Responding in Peaceful and Positive Ways (RIPP) Program
Initiative Description: Responding in Peaceful and Positive Ways (RIPP)-a 6th-grade universal violence prevention program. RIPP uses a prevention specialist to implement a curriculum that teaches knowledge, attitudes, and skills that promote nonviolence, positive communication, and achievement. Students are instructed in the use of a social-cognitive problem-solving model and specific skills for preventing violence (e.g., avoiding potentially violent situations, talking things through). The curriculum was implemented in twenty-five 50-min sessions that generally were taught during social studies or health education. Sessions were conducted weekly. Three trained prevention specialists implemented the sixth-grade RIPP curriculum during the 1995–1996 school year. All participants were African American men.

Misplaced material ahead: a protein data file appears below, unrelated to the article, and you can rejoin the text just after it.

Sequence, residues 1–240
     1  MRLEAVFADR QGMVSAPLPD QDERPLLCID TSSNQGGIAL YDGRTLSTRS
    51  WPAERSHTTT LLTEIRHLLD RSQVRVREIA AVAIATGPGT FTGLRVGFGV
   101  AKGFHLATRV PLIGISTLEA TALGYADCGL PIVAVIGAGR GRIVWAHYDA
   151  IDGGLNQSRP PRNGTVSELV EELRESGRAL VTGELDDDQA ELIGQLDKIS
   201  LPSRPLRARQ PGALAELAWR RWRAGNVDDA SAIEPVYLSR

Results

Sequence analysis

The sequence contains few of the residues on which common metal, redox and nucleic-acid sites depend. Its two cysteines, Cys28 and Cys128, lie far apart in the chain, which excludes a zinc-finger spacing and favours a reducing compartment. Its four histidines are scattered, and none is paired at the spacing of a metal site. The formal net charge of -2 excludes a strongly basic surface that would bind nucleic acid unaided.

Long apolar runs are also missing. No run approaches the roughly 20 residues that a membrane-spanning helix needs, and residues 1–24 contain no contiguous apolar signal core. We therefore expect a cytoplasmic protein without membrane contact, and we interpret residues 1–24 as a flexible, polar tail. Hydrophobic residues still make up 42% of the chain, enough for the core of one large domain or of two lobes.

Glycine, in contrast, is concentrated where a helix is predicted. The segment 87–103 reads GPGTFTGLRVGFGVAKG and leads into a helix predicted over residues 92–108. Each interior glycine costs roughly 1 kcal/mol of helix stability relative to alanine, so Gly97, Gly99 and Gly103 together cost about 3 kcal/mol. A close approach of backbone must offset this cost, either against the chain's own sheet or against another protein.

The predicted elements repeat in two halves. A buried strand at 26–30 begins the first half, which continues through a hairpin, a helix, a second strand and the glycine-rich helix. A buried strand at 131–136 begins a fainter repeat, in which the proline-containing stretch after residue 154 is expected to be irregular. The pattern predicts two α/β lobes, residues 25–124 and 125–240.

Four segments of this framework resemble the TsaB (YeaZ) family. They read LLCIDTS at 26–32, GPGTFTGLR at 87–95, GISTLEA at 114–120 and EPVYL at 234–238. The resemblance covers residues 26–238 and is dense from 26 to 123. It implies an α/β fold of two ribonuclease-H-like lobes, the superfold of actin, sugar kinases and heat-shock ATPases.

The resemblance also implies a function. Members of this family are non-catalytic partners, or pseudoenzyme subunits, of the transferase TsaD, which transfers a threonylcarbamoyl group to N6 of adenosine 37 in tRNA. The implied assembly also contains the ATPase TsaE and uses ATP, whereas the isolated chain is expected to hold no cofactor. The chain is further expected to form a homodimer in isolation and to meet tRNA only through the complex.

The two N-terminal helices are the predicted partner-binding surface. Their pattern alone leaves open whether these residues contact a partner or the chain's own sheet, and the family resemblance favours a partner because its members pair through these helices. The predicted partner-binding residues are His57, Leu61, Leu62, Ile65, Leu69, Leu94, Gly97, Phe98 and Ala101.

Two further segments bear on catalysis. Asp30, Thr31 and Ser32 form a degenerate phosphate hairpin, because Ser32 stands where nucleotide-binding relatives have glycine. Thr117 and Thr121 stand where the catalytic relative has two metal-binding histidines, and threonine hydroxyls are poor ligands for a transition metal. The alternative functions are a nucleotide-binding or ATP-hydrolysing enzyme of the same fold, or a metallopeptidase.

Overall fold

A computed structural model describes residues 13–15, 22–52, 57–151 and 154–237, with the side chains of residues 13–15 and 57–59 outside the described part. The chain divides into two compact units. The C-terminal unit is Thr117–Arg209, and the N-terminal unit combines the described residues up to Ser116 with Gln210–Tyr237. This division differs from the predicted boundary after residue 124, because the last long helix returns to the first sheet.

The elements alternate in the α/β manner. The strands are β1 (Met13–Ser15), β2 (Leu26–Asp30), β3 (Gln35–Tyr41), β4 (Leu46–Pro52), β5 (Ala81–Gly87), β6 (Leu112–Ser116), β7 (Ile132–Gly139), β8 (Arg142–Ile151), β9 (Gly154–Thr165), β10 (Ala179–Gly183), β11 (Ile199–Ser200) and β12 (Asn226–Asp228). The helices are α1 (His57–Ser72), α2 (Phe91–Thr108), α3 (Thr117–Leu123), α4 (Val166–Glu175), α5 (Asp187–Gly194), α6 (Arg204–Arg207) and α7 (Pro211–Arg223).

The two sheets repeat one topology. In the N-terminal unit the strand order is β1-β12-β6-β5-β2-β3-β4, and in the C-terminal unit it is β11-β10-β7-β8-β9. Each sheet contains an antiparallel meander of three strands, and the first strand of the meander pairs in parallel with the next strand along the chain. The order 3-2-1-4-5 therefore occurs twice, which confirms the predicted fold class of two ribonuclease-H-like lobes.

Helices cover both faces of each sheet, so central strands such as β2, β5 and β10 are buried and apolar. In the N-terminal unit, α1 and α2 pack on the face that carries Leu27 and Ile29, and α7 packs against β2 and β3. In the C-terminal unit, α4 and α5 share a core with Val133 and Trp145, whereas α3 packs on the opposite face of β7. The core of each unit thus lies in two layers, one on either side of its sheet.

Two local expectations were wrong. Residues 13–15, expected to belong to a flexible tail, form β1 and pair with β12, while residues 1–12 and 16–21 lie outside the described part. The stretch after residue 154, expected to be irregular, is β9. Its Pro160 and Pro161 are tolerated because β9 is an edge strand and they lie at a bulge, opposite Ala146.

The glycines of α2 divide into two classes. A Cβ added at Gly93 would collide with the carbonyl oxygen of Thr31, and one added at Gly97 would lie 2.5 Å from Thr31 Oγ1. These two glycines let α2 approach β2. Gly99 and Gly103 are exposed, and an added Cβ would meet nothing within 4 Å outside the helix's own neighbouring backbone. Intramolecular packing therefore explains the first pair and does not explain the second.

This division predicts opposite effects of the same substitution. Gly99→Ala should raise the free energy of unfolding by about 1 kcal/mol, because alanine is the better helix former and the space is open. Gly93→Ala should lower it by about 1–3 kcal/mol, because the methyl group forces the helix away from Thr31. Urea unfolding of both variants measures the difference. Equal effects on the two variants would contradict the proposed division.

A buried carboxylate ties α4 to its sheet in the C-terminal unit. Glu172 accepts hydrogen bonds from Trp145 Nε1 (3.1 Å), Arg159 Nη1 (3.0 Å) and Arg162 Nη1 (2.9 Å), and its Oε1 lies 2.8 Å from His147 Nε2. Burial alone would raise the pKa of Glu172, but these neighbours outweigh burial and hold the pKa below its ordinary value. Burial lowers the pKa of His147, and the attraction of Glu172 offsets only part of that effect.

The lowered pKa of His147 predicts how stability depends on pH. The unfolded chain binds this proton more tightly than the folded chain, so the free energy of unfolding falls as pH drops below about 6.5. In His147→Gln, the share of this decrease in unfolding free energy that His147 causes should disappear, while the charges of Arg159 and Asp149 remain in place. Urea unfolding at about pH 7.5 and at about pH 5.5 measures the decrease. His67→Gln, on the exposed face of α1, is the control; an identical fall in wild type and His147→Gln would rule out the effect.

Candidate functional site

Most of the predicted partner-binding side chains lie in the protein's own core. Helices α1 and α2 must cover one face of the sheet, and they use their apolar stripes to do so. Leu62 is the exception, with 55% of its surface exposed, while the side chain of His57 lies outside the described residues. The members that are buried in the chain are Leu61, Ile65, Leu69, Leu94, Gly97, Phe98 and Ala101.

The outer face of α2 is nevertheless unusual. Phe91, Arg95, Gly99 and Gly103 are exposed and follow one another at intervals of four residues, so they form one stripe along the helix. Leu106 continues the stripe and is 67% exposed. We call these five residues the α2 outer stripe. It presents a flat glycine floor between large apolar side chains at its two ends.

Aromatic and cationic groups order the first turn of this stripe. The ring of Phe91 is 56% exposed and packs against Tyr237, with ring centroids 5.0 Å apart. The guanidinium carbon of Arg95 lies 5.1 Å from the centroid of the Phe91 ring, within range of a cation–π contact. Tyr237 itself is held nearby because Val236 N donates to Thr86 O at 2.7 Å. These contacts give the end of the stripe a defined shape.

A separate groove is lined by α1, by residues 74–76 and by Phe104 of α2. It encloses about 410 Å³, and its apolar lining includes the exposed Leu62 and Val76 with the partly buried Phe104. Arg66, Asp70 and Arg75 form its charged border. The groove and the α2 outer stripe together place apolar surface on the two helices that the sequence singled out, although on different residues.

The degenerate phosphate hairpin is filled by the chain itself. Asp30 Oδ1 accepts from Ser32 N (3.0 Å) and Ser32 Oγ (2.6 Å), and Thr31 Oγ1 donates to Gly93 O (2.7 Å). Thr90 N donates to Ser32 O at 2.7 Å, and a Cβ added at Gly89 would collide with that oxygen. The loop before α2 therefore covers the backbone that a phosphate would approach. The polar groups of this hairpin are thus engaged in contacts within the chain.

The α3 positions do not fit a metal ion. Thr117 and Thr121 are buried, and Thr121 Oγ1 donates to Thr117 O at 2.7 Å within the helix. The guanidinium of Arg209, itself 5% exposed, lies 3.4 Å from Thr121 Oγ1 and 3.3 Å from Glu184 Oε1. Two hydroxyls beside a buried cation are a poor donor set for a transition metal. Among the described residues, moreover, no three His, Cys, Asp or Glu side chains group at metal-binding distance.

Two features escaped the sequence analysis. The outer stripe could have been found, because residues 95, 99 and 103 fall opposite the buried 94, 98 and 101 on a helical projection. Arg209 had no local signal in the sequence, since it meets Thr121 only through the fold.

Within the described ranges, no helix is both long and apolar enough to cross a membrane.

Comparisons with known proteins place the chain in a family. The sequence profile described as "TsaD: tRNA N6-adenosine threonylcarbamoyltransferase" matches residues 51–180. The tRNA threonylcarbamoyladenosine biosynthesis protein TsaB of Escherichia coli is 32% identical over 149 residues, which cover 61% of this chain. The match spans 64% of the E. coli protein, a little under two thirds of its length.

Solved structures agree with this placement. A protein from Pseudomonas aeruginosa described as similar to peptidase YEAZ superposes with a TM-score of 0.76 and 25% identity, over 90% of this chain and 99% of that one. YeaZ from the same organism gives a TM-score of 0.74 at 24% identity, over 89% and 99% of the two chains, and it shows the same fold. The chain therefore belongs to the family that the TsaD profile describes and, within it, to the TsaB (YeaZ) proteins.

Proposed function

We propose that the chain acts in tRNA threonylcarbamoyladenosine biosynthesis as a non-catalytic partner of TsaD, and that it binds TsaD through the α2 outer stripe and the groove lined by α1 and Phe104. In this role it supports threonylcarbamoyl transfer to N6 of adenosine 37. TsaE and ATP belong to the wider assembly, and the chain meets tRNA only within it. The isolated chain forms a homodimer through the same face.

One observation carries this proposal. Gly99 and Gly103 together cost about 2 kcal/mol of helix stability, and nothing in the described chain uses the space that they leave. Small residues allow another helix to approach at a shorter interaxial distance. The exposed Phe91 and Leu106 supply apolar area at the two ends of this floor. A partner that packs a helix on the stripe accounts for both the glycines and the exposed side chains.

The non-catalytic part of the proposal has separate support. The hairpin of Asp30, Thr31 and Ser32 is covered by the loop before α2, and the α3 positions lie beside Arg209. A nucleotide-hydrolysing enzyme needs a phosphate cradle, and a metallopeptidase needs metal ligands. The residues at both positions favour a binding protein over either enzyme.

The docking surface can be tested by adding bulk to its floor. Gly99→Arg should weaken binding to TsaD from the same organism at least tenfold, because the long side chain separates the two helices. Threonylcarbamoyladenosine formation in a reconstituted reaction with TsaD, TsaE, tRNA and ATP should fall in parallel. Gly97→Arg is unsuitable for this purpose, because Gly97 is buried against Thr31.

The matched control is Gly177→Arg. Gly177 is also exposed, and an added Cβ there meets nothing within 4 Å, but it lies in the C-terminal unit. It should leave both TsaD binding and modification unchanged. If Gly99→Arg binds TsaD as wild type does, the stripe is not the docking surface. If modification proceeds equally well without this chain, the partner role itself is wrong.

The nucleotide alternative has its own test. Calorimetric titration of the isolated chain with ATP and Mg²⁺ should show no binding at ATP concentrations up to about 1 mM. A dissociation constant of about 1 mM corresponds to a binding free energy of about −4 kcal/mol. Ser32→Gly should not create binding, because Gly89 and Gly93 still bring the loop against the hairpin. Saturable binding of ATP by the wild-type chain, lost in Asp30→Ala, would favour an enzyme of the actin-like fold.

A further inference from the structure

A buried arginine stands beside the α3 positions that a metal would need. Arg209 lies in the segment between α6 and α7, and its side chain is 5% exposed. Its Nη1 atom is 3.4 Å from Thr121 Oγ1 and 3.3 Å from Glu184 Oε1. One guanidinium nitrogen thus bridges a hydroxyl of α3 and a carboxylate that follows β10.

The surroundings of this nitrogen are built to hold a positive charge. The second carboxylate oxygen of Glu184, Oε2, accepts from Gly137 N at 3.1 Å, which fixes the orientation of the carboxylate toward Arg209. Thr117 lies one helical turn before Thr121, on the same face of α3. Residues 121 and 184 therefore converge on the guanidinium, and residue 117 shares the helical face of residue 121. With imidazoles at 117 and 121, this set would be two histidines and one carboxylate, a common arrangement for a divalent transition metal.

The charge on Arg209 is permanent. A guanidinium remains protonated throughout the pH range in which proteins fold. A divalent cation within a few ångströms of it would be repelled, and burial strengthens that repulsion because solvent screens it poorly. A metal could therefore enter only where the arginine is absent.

Study Results: Reduced the number of violent disciplinary referrals at school. The reduction in suspensions was maintained at 12-month follow-up for boys but not for girls. RIPP participants also reported more frequent use of a peer mediation program and reductions in fight-related injuries.
Reference: Farrell, A. D., Meyer, A. L., & White, K. S. (2001). Evaluation of Responding in Peaceful and Positive Ways (RIPP): A school-based prevention program for reducing violence among urban adolescents. Journal of Clinical Child & Adolescent Psychology, 30(4), 451–463. https://doi.org/10.1207/S15374424JCCP3004_02
Level of Evidence: Very Good